One day last week I went out to the garage refrigerator for carrots. It’s a common occurrence at our house as I typically buy and store a 5-pound bag of carrots in the produce bin of that fridge. While it sounds like a lot of carrots, they’re cheap in that quantity ($2.99 for 5 pounds–what else is less than 60 cents a pound?) and they last a long time. Even better, I’m never out of them for soup, stew, or just for a vegetable. It’s also not terribly unusual for me to make carrot soup as it’s lovely, healthy, fast, and can be made in several different flavor profiles. I didn’t start out with carrot soup in mind on said day, but I certainly got there pretty fast as my carrots were growing white hair— sprouting, getting ready for planting! I peeled and used the carrot I needed, but knew carrot soup, cake, bread, soufflé, salad, or gratin was in the offing. Because I wasn’t throwing away 8 or 9 carrots no matter how little they cost.
I’m reminded of a simple meme that says volumes. It goes something like, “A single carrot doesn’t seem too awfully important. Unless it took you 3 months to grow it.” And, by the way, if you’re lucky enough to get carrots with all the green frills on top, the green part is edible, too. A little carrot top pesto might be good for the soul. VEGETABLES ARE AMAZING!
Every year about this time, there’s a flurry of interest in fresh and easy meals — which translates to, “Let’s just have a salad.” (It happens on January 2, too!) I’m all for that, but I’d skip the word, “just,” and shout out, “SALAD!” Out of all the cooking classes I’ve taught over the last 12 years, there are the most questions about salads: what goes in them, how to make a vinaigrette, what kind of oil to buy, the sort of salt I like, and how to make salad a meal. In fact, I taught a two-hour class about making salad a couple of years ago and the fun we had together still resonates whenever I think about it. Folks want a great salad; they want easy and fresh, healthful meals, but they’re often a bit stuck in their I-buy-this-every-week greens and goodies. This summer, I decided it’s time to organize an online lesson on salad savvy and give you the skinny on how to bring it all together. As the information I wanted to sharewas entirely too much for one blog post, I’ve divided it into three (simultaneously published) posts so that you can read them all in a row if you like–or not– and then it’s off to the farmer’s market, the deck, the store, or backyard garden for you to get started! Click on the red links below and come chopping with me to make your newest stellar salad!
SUBSTANCE — Part 1 (This post–all about ingredients.)
Those of us raised by southern mothers might have grown up with Green Beans and Potatoes on the table come hot, dripping summertime evenings. Add a plate of heavy sliced tomatoes (well-salted, thank you) and a pan of cornbread with lots of butter, please, and that was dinner. Who needed meat? For the past few years, warm weather brings on the need to re-create that dish with my own twists and turns. Those often include tossing in whatever other vegetables I have on hand, turning it all into a salad, and whipping up a frisky vinaigrette I doubt my mom would ever have added. She might have thrown in a piece of chopped bacon or a tablespoon or two of bacon grease into the pot for flavor, though, now that I think about it. Oh, and that bacon grease never saw the inside of a refrigerator either. (We all lived.)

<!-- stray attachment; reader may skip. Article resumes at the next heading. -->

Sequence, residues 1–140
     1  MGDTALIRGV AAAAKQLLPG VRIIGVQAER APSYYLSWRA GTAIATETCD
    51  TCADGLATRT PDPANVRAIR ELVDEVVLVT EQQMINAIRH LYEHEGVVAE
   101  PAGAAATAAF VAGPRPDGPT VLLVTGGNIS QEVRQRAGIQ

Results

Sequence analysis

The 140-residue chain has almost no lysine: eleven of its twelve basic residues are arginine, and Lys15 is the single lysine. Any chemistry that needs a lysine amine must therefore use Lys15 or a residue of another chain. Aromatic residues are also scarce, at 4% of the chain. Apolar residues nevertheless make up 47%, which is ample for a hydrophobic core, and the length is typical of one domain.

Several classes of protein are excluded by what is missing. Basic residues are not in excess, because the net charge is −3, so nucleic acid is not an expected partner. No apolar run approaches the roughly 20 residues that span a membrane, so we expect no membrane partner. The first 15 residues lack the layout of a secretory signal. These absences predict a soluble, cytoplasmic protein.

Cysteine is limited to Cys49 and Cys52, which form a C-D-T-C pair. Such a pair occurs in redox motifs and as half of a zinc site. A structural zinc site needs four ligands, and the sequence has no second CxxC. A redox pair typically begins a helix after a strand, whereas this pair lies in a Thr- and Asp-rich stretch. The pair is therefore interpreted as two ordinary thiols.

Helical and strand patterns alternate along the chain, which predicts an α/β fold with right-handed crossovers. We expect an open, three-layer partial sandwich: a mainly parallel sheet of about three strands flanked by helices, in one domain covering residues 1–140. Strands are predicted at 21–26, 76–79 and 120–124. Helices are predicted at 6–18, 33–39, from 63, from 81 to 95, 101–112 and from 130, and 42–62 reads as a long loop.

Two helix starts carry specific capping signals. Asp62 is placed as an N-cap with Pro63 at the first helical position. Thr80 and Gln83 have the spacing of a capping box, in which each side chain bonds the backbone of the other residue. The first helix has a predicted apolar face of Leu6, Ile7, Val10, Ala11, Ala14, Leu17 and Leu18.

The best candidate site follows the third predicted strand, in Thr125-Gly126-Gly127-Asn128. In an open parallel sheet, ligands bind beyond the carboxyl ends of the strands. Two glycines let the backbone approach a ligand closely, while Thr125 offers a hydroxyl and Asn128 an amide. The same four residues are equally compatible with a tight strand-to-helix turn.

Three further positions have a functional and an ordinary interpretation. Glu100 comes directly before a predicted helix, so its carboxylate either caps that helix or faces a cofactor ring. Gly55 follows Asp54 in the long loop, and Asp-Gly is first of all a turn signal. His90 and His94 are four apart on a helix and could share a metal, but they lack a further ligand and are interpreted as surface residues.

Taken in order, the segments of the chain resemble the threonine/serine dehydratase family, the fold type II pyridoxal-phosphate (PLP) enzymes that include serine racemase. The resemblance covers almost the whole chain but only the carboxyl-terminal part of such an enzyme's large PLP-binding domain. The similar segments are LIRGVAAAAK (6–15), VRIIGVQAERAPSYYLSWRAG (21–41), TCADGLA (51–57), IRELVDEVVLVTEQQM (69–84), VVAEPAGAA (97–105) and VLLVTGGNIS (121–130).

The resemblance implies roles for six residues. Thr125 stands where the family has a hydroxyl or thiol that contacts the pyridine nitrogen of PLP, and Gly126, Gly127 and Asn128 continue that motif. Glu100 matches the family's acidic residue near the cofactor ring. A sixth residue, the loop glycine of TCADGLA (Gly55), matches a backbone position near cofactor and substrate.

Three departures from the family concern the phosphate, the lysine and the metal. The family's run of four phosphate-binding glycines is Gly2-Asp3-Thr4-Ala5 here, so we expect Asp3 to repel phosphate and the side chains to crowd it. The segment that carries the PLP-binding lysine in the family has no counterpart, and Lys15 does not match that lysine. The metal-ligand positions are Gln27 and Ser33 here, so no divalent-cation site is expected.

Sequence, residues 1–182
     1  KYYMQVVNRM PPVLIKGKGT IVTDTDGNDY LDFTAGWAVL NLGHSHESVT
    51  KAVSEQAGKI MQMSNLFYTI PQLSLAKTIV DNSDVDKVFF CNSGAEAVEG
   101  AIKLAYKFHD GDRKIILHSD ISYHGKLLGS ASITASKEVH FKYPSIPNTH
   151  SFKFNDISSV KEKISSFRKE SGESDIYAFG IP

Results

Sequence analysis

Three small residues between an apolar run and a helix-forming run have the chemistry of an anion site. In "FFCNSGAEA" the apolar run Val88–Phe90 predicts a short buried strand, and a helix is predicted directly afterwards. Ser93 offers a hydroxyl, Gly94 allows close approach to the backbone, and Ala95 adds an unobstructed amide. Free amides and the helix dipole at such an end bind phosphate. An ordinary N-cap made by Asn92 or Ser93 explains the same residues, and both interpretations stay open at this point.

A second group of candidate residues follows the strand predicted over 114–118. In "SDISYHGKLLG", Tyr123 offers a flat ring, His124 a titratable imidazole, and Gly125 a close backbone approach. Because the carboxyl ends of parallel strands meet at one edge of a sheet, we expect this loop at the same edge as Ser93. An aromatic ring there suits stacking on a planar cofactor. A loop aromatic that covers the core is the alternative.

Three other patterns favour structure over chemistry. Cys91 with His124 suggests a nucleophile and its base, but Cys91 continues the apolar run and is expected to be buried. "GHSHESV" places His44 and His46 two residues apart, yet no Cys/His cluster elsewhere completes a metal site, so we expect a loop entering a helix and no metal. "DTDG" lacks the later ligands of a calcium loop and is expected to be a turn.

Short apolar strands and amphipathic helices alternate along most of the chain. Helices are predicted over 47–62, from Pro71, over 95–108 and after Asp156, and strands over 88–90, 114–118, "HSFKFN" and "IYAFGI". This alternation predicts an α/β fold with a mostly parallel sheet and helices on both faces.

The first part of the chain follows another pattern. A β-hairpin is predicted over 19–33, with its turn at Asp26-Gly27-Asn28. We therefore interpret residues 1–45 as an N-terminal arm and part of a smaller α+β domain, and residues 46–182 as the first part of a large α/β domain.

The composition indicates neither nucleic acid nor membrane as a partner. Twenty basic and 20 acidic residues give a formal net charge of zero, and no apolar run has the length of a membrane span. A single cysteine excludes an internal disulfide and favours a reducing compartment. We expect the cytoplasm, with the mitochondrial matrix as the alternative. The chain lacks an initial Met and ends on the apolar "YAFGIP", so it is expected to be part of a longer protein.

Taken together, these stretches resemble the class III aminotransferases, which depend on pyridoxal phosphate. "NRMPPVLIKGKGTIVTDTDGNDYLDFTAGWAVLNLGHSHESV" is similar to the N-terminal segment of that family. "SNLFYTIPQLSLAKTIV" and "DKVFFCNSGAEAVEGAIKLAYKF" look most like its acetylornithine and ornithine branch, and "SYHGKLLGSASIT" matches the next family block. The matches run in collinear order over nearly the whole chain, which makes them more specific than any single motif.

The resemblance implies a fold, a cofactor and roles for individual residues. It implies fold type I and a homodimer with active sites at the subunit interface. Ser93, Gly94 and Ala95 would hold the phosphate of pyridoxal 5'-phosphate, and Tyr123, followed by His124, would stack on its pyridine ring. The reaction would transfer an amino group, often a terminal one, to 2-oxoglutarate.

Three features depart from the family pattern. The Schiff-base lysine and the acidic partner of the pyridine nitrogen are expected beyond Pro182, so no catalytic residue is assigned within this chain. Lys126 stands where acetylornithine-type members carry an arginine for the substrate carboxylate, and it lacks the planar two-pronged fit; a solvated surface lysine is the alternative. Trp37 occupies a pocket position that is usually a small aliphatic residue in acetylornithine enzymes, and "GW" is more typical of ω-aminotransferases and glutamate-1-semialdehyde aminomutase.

I don’t remember eating lentils as a kid. Even lentil soup — on many tables this week as it’s such a pantry-friendly meal — came to me in adulthood, albeit from a much-loved friend and oddly enough during a hot week at the beach on the Outer Banks. If I ate it earlier, I have no memory of the meal and more’s the pity. The “Lentil” I knew was the Lentil of Caldecott Award- winning author Robert McCloskey (MAKE WAY FOR DUCKLINGS) fame since I’m a lifelong avid reader and also trained and worked as a school librarian at one time in my life.
Some nights it doesn’t have to be anything fancy-schmancy. We’re not talking a New Year’s Eve buffet or grandma’s Easter brunch. Just a warm, filling dinner that didn’t take forever to make or clean out the bank account. Something all in one pot; something all in one warm bowl. Maybe a little cheese or crackers on the side. A container left for lunch the next day or to take to a neighbor–my favorite solutions for leftovers.
Between Wednesday and Friday of last week, I’d cooked three separate and distinct meals (one of which was the Coconut Pork Salad below)… and so had various and sundry little containers of meat and vegetables I knew I’d make into a hefty salad come Saturday night when we had planned to splurge a little on an amazon prime movie to belatedly catch “Victoria and Abdul.” (Don’t miss it if you haven’t seen it!) When I visually weighed those leftovers, an accompanying bowl of soup was an obvious necessity.